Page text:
I'll start this review by admitting that I never played the Wii U version.
The last Mario game I played was New Super Mario Bros., back on the original Wii.
Coming from that game, I'd say that New Super Mario Bros. U Deluxe has several welcome improvements, the best of which is that you can choose your character, and that there are a couple Easier/Easiest characters available.
My six-year-old son loves everything Mario, so when he saw this he was super excited. I was a bit skeptical, because I was worried that it'd be too challenging for him, but I figured I wasn't much older than him when I cut my teeth on the meatgrinder that was the original NES Super Mario Bros, so I took a chance and ordered it.
So happy I did. It's been a ton of fun and a great bonding time. I absolutely recommend it if you've got younger gamers at home, who either want to play with you or their older brothers/sisters.
I played through the entire game -- every stage -- with my kid. I was Mario and he was Nabbit. Nabbit (from Rayman, maybe? He's a little bandit bunny thing) is the character the game considers "easiest" -- as far as I can tell, Nabbit can't run, but enemies also don't notice or hurt him, and things that would harm him (e.g., fireballs) only stun him. The only way Nabbit can die is if he falls into a pit (or lava).
That means that a younger kid (say, a 6-year-old) can play with someone who is older. I played the entire game with my young son, and together we beat the whole thing (there were a few levels on Super Star Road where he couldn't keep up, but those are extra challenge stages unlocked after you beat the game).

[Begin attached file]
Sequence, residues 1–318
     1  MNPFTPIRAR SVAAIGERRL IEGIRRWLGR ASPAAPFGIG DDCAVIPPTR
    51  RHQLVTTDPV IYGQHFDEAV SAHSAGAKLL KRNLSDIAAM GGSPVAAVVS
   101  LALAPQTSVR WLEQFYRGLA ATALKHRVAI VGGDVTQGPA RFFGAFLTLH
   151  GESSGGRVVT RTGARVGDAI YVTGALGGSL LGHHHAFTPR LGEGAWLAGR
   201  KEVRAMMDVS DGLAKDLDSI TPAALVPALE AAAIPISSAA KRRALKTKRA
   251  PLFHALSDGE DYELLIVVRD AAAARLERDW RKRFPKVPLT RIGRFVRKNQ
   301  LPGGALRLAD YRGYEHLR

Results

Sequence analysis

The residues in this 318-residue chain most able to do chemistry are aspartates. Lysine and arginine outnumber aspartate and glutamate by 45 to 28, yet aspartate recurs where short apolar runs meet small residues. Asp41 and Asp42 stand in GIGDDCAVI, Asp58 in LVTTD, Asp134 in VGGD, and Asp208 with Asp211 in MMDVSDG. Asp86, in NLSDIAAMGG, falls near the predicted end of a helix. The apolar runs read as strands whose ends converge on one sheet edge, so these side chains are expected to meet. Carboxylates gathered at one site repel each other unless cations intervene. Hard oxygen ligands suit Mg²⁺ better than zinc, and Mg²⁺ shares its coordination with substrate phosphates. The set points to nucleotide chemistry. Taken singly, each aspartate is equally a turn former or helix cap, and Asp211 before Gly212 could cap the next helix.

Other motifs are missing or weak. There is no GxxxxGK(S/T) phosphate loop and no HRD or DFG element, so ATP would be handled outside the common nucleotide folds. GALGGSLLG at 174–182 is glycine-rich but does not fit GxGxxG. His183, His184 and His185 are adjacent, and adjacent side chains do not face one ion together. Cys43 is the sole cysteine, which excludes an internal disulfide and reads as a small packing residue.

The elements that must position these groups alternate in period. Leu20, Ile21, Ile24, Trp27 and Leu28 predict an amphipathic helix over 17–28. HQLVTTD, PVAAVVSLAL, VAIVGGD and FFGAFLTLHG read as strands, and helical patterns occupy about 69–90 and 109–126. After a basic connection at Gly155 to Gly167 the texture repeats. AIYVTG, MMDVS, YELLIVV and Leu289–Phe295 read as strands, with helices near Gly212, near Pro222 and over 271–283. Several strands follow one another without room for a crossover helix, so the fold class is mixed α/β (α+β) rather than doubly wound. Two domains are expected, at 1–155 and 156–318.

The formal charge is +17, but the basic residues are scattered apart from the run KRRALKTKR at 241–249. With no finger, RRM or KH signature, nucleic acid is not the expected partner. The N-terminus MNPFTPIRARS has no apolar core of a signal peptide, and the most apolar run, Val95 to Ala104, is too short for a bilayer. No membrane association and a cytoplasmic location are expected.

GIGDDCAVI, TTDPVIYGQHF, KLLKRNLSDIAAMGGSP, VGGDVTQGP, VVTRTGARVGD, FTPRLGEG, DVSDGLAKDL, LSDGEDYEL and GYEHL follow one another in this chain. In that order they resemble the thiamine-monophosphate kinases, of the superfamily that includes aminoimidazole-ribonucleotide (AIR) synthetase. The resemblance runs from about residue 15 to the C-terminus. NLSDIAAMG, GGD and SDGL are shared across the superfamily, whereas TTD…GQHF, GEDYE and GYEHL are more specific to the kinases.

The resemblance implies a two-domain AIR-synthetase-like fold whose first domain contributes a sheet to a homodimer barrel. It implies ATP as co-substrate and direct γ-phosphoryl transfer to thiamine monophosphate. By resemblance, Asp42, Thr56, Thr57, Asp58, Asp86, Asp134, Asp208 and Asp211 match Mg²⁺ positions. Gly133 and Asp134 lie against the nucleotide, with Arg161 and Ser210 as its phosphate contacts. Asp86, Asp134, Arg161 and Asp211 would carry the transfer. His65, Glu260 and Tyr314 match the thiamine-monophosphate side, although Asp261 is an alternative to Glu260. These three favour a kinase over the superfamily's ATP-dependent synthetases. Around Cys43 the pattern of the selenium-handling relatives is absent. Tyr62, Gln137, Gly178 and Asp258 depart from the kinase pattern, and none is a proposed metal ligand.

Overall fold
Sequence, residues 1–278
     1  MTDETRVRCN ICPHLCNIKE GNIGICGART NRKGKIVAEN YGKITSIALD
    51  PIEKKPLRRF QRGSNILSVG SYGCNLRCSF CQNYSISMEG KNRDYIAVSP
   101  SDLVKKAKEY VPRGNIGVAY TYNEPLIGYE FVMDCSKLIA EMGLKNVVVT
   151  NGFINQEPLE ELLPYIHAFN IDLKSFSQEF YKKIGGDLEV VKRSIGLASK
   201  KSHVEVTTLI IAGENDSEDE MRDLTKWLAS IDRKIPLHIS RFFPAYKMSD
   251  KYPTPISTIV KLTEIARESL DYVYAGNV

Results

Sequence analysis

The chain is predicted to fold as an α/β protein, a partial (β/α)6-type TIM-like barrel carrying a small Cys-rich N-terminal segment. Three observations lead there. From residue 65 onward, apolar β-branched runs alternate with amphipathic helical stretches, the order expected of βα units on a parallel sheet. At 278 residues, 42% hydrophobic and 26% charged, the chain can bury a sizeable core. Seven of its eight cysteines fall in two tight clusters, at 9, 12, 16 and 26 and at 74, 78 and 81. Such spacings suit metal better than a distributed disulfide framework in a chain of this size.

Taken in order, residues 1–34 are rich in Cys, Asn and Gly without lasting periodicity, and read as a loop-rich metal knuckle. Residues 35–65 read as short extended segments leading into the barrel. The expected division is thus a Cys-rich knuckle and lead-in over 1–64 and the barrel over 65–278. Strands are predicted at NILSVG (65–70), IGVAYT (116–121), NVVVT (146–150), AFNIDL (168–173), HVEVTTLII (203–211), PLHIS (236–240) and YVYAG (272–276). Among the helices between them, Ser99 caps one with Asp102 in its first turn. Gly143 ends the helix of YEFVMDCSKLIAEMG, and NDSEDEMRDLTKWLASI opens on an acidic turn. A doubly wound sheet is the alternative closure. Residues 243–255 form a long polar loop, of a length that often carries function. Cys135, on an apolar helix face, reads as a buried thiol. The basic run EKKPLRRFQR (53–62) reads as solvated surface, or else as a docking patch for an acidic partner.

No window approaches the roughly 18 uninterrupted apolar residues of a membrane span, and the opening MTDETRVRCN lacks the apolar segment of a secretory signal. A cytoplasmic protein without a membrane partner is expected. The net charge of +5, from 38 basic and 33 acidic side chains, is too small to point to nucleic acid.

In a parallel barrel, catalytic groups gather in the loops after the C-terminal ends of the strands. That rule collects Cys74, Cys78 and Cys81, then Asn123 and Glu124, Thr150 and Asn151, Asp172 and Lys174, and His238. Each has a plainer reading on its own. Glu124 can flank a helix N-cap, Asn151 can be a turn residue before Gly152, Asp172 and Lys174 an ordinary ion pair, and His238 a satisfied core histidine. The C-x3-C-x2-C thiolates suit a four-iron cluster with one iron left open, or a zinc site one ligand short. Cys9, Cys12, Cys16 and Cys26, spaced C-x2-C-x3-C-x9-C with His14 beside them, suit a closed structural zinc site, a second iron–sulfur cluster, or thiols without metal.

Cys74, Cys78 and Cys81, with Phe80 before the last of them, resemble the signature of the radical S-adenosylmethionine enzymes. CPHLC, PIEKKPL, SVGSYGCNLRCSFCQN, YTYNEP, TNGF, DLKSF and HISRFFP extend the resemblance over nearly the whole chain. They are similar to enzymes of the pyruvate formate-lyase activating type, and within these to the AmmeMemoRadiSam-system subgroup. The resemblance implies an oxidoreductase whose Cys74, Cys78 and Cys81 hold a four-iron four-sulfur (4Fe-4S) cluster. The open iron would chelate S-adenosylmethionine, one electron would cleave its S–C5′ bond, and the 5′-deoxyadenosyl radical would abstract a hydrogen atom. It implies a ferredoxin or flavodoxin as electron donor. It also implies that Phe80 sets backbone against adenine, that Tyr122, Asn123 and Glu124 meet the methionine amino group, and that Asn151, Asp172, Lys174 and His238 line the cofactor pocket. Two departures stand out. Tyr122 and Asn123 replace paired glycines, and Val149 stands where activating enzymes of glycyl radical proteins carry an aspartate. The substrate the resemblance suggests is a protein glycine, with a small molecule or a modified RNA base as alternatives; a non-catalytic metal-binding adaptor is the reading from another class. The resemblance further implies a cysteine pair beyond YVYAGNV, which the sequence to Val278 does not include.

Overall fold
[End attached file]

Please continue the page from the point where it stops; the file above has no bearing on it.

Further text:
We had a ton of fun over probably 25 hours or so (we moved fairly slow, because my kid is young), and I'd say it was absolutely worth every penny.
That said, I have two very mild criticisms. First, it's a fun game, but not the best Mario game I've played. It didn't seem like there was much variety in the power-ups (Mushroom, Fire/Ice flowers, and Acorns -- although some others, like the penguin suit or the propeller head were also available, rarely). Difficulty wasn't as high as some others; for me as a dad playing with my kid, this was absolutely perfect, but for me alone -- a mid-30s guy who has been gaming all my life -- the biggest challenge came from trying not to accidentally bump into my kid and screw up a jump. (Four-player mode would be a nightmare, I'd think.)
Second, my kid was disappointed that Yoshi hardly made an appearance. Realistically, he was probably only present on three or four stages, and you couldn't take him with you after you reached the flagpole. Yoshi is a staple character of the Mario franchise now, and a favorite of kids, so in a game that's designed to accommodate younger gamers, you'd think they'd include those kids' favorite character.